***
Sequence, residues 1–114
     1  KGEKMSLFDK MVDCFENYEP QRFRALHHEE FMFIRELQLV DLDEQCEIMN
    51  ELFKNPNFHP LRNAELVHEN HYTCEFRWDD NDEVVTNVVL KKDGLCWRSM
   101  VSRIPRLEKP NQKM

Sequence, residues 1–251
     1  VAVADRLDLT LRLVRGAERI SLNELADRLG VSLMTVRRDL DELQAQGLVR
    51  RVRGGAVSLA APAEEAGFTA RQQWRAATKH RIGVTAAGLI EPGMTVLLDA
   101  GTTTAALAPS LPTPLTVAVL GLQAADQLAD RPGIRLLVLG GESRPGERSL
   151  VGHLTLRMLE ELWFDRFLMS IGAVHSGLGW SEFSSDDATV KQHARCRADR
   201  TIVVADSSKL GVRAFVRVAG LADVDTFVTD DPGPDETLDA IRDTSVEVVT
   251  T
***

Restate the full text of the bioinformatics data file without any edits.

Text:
Sequence, residues 1–114
     1  KGEKMSLFDK MVDCFENYEP QRFRALHHEE FMFIRELQLV DLDEQCEIMN
    51  ELFKNPNFHP LRNAELVHEN HYTCEFRWDD NDEVVTNVVL KKDGLCWRSM
   101  VSRIPRLEKP NQKM

Sequence, residues 1–251
     1  VAVADRLDLT LRLVRGAERI SLNELADRLG VSLMTVRRDL DELQAQGLVR
    51  RVRGGAVSLA APAEEAGFTA RQQWRAATKH RIGVTAAGLI EPGMTVLLDA
   101  GTTTAALAPS LPTPLTVAVL GLQAADQLAD RPGIRLLVLG GESRPGERSL
   151  VGHLTLRMLE ELWFDRFLMS IGAVHSGLGW SEFSSDDATV KQHARCRADR
   201  TIVVADSSKL GVRAFVRVAG LADVDTFVTD DPGPDETLDA IRDTSVEVVT
   251  T